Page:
“That’s why they play the game!” My brother’s voice crackles in my Xbox LIVE headset as Wayne Rooney drills another ball past my keeper, and big bro is up 2–0. While I remind him that there’s still time left, and 2–0 is the most dangerous lead in soccer, my heart sinks, and I know that he has just beaten me in his first-ever game of FIFA 2011.

“That’s why they play the game, fool,” he repeats. His taunts are well-deserved, having spent the entire first half listening to my own heckles and condescension, but they still sting. How could he have beaten me in his first game?

Well, I guess that’s why they play the game. In sports, as much as we have become dependent on rankings and standings to provide some rationality or predictability to matchups, there is always that element of surprise that allows a FIFA newbie to topple a goliath of the game, or Rex Ryan’s unlikely New York Jet’s to take down Tom Brady, Bill Belichik and the supposedly unstoppable New England Patriots this past Sunday.

There could have scarcely been more drama leading up to the match. Tom Brady had thrown 339 passes without an interception as New England won 11 of its last 12 games of the regular season. Meanwhile, the Jets had exhibited offensive struggles a number of times during the regular season, but the offseason acquisition of last year’s Super Bowl MVP Santonio Holmes proved to be invaluable as the wideout continued to make improbable game-winning catches in the second half of games to propel New York to dramatic wins.

These chinks in the Jets’ armor were most exposed during a snowy 45–3 romp by none other than Brady and Co. in Foxborough, removing any doubt that New England was far and away the better squad, and the likely candidate to emerge from the AFC for the Super Bowl. Rex Ryan, a notorious smack talker, had hit the press hard that week before the game as he often does, only to emerge speechless after the embarrassing loss.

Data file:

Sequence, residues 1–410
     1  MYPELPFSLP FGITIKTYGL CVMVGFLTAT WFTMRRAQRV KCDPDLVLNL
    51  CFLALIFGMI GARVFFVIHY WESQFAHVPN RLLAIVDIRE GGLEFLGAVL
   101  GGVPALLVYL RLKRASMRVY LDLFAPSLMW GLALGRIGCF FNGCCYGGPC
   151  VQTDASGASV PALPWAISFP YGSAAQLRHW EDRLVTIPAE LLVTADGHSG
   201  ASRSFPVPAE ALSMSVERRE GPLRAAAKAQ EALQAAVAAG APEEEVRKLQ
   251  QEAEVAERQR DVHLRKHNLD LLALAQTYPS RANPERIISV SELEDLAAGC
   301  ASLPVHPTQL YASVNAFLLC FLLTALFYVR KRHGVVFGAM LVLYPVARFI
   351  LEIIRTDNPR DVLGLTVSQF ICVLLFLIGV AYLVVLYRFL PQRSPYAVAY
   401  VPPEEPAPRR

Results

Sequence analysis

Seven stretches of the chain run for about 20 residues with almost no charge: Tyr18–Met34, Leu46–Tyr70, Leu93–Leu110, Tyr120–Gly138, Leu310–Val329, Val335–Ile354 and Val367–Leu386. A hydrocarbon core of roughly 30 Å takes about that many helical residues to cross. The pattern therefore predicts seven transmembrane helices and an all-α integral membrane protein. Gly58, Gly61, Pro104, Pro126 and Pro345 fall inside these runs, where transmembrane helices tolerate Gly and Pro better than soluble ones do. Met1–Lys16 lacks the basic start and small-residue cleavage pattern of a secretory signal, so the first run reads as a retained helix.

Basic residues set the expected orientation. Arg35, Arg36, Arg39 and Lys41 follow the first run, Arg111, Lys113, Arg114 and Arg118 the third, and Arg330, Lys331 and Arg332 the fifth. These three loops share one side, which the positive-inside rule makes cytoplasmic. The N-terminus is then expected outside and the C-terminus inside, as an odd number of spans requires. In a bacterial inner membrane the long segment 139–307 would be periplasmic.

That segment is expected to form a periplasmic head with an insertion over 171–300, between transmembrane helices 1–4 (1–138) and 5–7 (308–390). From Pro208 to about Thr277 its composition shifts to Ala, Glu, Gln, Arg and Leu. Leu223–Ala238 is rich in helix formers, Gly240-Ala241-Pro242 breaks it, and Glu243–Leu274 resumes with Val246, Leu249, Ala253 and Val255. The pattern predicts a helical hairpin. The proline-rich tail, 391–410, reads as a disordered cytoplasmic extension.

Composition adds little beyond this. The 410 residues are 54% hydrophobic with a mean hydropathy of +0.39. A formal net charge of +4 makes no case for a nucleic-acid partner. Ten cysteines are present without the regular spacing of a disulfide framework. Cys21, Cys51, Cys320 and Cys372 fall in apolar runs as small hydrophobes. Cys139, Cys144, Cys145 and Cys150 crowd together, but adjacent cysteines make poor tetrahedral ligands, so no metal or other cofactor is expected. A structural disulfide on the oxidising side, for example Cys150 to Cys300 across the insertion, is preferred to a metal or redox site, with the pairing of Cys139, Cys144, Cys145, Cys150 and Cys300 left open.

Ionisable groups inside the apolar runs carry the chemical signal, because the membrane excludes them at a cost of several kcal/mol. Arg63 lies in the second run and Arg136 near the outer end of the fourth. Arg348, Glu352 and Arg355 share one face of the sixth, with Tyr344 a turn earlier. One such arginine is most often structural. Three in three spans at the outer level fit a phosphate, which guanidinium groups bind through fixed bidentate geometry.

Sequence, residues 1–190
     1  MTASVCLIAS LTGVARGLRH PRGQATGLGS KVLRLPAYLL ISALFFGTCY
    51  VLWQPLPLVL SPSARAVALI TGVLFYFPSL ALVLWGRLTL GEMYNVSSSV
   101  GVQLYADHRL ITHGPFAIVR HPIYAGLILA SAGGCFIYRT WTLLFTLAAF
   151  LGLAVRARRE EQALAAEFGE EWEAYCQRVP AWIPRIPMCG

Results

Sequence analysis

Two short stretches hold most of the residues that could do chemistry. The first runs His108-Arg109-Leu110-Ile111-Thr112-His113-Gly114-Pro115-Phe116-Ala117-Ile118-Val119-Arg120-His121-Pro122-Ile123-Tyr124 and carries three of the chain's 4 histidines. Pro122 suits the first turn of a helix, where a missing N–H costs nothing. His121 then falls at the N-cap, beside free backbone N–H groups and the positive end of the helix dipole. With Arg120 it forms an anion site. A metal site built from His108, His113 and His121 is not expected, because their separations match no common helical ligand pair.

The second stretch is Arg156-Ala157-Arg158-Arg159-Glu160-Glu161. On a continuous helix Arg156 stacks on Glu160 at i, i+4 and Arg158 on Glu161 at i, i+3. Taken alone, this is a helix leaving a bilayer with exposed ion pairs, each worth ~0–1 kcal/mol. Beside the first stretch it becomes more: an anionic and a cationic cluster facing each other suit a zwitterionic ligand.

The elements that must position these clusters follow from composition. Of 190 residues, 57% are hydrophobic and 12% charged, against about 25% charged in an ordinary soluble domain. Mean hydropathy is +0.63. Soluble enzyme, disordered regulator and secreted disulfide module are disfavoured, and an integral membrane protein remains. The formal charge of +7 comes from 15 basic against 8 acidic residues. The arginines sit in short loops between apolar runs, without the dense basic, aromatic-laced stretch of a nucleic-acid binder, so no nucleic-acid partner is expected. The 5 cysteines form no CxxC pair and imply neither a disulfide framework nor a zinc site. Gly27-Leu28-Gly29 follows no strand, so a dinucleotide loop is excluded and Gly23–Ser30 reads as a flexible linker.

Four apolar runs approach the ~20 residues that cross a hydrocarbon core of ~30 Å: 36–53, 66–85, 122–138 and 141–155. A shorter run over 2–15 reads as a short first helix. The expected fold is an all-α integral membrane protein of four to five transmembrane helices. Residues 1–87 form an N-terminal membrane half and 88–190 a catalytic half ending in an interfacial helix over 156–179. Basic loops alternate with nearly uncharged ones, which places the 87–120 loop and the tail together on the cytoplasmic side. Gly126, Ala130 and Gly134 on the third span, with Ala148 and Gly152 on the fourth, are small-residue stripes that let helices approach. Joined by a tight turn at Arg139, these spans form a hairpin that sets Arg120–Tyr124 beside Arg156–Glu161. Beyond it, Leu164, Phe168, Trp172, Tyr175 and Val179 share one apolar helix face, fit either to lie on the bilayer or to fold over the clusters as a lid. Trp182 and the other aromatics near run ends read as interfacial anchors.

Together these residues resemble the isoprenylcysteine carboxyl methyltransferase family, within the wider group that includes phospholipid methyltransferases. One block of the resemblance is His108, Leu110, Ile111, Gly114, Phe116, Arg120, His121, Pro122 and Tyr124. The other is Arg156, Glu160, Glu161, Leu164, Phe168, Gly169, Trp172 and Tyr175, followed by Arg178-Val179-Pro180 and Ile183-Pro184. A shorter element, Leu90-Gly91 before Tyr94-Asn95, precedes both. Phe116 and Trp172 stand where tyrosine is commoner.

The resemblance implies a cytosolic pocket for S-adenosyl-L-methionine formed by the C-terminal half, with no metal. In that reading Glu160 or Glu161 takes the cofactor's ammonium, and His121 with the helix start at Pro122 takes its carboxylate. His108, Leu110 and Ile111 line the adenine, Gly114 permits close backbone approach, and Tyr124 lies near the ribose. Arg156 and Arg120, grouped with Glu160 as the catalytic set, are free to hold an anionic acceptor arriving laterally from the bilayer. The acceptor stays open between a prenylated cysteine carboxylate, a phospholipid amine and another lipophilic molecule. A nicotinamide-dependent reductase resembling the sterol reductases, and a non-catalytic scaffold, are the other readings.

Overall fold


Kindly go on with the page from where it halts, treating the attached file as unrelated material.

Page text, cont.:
It seems that the egg on his face dried up. That’s why they play the game.

Apparently, Sexy Rexy didn’t learn his lesson the first time. The pregame comments came again, and we — the rational, statistics-minded, predictability-seeking sports community — blew them off, and gave the Patriots the better end of a nine-point spread. Well now he’s got us staring abashedly at our feet, as the Jets head into the AFC championship game to take on another “better” team, the Pittsburgh Steelers.

It’s not like upsets don’t happen all the time in sports, and there’s no doubt that I could easily dig up hundreds more that dwarf the drama of the Jets-Patriots upset this past weekend. The fact that we call the outcome of this game an “upset,” however, buys into the script of how we expect things happen should happen.

The origins of this script obviously trace to gambling. The odds reflect bets being placed in Las Vegas which are in turn aggregated to create the sacred spread. This makes sense in the gambling world, but in sports, the tendency to use a metric means ignoring the blatant subjectivity of matchups.

That’s why they play the game.

So what about all those people who knew it was going to be a Patriots blowout? Was the knowledge that informed such a prediction misguided? Are they wrong for insisting upon Brady’s infallibility or Belichik’s incomparable preparation as major Patriot advantages? In the end, are they even really wrong for saying the Patriots were the better team?

We can’t answer these questions. We can only answer, “Who won the game?”

In this modern sports news era characterized by 24/7 television coverage and instant updates all across the Internet, predictions and speculation have come to constitute far too large a share. Given the tendency of sports analysis to inevitably predict outcomes, writers are constantly eating their words.

To make the argument for the removal of predictions and rankings would be both pointless and lame — I admit, I love making predictions and I was one of the obnoxious many who was already talking about the Patriots playing the Eagles in the Superbowl (derp …) weeks ago.

My only goal in raising this perhaps pointless discussion is to call attention to the outcomes of falling into the predictions pit. That’s not to say that one should always root for the underdog to avoid the embarrassment of eating your words, but at some point it just gets obnoxious.

I won’t go as far as to say that making fun of my brother cost me that embarrassing loss, but there’s a reason they play the game.

Sam Goldsmith is a junior in Branford College.